Marfan syndrome, also called arachnodactyly, is a genetic disorder that causes the connective tissues to become weak and dysfunctional. These tissues, which include tendons, ligaments, cartilage, and bone, are important because they support the body and provide a framework for growth and development. Because connective tissues are found throughout the body, symptoms may develop in many body organs, including the eyes, bones, heart, blood vessels, skin, lungs, and nervous system.
The severity of disease symptoms varies from mild to severe. For instance, Marfan syndrome can be life threatening if it affects the aorta, the main artery that carries blood from the heart to the rest of the body. In such cases, the disorder causes the walls of the aorta to become weak, increasing the chance that the artery will enlarge, tear, or rupture (break open). In other cases, patients may not experience any noticeable symptoms.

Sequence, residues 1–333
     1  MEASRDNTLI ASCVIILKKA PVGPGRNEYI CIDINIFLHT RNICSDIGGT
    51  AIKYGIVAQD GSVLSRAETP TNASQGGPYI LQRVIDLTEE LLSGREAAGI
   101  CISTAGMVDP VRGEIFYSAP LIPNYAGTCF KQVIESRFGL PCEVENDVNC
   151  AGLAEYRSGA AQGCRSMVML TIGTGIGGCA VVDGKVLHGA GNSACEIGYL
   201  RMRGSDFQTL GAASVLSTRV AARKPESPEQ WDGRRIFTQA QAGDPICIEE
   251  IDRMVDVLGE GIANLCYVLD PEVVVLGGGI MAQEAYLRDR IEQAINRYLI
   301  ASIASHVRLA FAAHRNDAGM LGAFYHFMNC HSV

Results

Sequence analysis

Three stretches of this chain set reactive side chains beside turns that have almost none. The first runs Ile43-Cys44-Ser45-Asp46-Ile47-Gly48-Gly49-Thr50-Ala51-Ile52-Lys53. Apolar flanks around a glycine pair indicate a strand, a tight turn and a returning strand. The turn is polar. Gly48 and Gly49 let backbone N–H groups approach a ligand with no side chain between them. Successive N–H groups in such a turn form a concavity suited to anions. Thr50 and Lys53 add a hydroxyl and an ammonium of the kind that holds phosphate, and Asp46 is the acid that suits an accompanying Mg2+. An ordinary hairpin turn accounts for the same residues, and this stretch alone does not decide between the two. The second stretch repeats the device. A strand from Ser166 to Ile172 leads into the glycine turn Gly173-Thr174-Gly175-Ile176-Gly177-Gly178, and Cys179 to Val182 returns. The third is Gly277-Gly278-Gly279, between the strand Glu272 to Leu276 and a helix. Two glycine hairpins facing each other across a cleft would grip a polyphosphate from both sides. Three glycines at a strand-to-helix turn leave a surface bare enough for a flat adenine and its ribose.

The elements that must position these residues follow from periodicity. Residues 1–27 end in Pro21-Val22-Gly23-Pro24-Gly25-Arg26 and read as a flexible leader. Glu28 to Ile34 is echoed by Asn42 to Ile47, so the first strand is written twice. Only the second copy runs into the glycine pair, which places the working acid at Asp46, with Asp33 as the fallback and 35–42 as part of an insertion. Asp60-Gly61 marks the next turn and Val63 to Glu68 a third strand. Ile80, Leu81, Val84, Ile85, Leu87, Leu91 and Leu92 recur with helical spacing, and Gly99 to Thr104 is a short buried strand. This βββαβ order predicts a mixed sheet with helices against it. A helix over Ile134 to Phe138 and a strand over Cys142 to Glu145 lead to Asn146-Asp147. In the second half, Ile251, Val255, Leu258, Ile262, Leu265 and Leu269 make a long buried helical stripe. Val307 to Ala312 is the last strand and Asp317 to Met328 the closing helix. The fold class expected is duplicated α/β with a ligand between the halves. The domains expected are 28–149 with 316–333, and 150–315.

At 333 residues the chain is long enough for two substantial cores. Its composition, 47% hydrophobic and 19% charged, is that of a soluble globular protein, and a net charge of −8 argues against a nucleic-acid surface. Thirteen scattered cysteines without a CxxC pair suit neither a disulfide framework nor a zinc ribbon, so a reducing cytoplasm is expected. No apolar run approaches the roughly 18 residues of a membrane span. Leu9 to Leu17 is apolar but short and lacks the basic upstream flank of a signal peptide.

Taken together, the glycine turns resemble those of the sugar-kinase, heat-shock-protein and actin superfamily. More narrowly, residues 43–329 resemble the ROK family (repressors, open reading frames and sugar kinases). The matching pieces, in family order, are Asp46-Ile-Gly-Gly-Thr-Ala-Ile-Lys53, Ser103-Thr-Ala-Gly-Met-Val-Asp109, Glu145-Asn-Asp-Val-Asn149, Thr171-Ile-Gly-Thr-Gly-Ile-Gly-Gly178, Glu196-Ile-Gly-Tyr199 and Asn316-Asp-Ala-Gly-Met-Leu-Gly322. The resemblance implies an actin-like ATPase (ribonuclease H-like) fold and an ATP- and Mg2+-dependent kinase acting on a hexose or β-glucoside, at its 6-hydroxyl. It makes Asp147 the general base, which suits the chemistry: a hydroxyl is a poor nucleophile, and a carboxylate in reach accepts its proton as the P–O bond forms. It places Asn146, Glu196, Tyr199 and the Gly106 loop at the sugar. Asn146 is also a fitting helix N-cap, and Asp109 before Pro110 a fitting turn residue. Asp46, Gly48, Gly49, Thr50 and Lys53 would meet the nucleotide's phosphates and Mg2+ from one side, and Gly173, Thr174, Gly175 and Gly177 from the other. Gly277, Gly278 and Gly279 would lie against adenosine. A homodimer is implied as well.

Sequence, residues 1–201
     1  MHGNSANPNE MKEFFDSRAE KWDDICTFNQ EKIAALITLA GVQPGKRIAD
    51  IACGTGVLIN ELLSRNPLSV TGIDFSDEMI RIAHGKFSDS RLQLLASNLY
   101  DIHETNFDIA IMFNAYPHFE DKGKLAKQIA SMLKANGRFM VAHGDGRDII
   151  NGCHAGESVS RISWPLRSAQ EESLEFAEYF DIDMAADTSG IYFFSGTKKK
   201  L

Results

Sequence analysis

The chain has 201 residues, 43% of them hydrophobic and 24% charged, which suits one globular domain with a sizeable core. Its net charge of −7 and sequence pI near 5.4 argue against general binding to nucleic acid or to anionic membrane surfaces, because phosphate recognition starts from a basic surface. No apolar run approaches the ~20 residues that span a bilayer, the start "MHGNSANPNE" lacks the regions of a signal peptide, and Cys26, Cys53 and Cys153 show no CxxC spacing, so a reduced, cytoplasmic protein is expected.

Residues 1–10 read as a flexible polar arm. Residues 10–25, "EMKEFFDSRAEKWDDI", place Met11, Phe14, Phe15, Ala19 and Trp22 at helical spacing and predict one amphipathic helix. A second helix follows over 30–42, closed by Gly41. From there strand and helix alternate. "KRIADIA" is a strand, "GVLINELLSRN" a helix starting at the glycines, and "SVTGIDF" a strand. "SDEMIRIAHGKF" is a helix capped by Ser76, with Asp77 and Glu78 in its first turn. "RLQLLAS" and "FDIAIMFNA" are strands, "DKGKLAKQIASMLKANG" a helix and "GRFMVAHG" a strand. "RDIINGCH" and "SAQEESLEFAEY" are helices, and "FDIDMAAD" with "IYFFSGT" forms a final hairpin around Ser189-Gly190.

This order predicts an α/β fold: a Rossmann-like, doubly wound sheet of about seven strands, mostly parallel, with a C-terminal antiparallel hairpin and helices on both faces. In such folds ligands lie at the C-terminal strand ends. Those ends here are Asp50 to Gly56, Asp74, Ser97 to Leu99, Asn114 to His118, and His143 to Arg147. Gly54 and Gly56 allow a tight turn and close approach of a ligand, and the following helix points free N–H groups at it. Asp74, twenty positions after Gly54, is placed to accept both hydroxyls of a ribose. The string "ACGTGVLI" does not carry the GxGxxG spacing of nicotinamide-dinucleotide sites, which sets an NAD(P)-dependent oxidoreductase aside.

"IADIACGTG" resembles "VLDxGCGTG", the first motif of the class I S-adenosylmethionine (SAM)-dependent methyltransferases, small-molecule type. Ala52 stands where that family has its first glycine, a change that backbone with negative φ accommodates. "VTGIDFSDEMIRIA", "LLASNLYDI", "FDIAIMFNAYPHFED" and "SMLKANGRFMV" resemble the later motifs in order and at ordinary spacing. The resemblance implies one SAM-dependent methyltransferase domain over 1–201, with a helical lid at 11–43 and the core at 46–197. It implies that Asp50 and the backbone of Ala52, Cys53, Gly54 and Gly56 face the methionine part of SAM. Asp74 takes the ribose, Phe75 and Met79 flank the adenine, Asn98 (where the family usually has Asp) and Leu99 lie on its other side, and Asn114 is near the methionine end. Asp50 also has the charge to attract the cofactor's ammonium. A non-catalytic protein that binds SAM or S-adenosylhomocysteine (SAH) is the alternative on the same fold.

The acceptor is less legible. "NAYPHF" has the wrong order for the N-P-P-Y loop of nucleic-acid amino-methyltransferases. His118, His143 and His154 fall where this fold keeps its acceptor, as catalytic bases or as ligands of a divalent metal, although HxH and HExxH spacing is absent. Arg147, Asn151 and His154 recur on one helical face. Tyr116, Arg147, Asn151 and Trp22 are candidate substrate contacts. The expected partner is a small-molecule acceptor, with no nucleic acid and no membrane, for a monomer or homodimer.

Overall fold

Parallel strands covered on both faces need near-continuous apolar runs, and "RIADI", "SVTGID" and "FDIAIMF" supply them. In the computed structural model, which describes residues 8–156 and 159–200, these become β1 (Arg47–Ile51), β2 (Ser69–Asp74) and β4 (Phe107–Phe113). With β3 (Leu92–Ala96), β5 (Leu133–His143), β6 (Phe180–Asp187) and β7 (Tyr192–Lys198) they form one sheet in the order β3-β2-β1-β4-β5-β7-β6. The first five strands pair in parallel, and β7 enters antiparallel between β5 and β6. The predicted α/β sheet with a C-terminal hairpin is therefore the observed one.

Physical characteristics commonly associated with Marfan syndrome include a slender and tall body, loose joints, narrow face, and spinal or chest wall abnormalities, such as scoliosis. Some medical historians believe that Abraham Lincoln may have had Marfan syndrome, because he had many of these traits. However, Lincoln's physical features alone are not enough to determine whether he had the disorder.
Researchers estimate that Marfan syndrome affects at least one out of 5,000 people in the United States.
Although Marfan syndrome is a serious and potentially life-threatening condition, patients are able to live long, healthy lives with proper treatment. There is currently no cure for the disorder. Instead, treatment focuses on managing symptoms and preventing complications. Most people with Marfan syndrome are able to have children, although complications may occur during pregnancy, and parents may pass on the condition to their children.
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